Archaeology and Economy in the Ancient World
Proceedings of the 19th International Congress of Classical Archaeology, Cologne/Bonn 2018
Michael Heinzelmann , Cathalin Recko (Eds.)
Quantifying Ancient Building Economy
Archaeology and Economy in the Ancient World – Proceedings of the 19th International Congress of Classical Archaeology, Cologne/Bonn 2018, Vol. 23
In recent years, the study of ancient construction has focused increasingly on putting the different aspects of the process of building into an economic framework. This entailed examining the various steps of construction and the organization of a building site in detail. It also meant that attempts were made to quantify the use of both the materials and the labour necessary for the building project, as these illustrate the scale of a building project and its impact on the overall economy.
The goal of this volume is to bring together different approaches of the study of the economy of building. With the help of methods of quantification and intensive architectural studies, the case studies of city walls, baths, temples and timber buildings in this volume not only shed light on the various constructional characteristics of these buildings, but also on a wide range of economic implications. The collection of papers ranges from Messene in the 4th century BC to Imperial Rome and are completed by practical insights from 19th century building manuals.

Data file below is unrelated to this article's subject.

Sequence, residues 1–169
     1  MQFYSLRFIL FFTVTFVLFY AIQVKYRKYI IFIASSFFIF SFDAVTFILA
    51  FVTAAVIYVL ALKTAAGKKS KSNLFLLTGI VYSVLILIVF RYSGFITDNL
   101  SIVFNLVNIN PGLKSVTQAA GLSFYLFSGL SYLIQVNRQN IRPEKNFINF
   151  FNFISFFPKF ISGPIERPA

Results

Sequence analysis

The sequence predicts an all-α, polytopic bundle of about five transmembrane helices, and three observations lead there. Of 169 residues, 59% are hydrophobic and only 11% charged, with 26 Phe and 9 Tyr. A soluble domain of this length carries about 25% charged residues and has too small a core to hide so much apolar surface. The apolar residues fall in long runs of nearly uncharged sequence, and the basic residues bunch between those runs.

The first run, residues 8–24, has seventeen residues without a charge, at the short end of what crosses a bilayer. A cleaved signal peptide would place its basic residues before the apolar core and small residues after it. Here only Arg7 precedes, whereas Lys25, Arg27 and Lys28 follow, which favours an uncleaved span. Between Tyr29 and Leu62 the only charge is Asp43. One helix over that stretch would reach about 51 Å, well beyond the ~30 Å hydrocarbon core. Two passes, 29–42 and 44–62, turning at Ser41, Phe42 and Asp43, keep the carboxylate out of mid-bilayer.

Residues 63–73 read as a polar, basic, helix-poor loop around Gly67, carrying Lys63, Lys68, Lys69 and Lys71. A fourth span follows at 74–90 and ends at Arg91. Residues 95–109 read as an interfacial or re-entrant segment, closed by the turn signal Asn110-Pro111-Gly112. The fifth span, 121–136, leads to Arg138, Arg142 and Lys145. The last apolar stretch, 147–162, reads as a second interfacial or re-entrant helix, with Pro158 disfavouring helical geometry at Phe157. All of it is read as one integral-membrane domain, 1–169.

Verena Gassner (Ed.)
Regional exchange of ceramics – case studies and methodology
Archaeology and Economy in the Ancient World – Proceedings of the 19th International Congress of Classical Archaeology, Cologne/Bonn 2018, Vol. 30
Pottery vessels and other ceramic objects constitute important sources for issues of trade and exchange in Antique societies as they are available in great quantities and as their provenance often can be determined by archaeological or archaeometric methods. Most studies on the exchange of ceramics however concentrate on aspects of long-distance trade, as differences between wares and/ or types produced in different, far distant regions can be recognized more easily. This fact, together with the psychological fact of the greater attractiveness of these items, might have lead to an exaggerated perception of the amount of goods traded via the oversea trade in the archaeological record. In contrast to this, aspects of regional exchange between neighbouring cities have not been given the same attention in the field of Mediterranean archaeology, although they might give important insights into the problems of regional connectivity and they also had greater importance during Antiquity than normally assumed. One of the reasons of this deficit can certainly be found in the difficulty of clearly and unambiguously distinguishing ceramics produced within one r egion f rom e ach other, a s t hey o ften s hare the s ame repertory of shapes or decoration styles.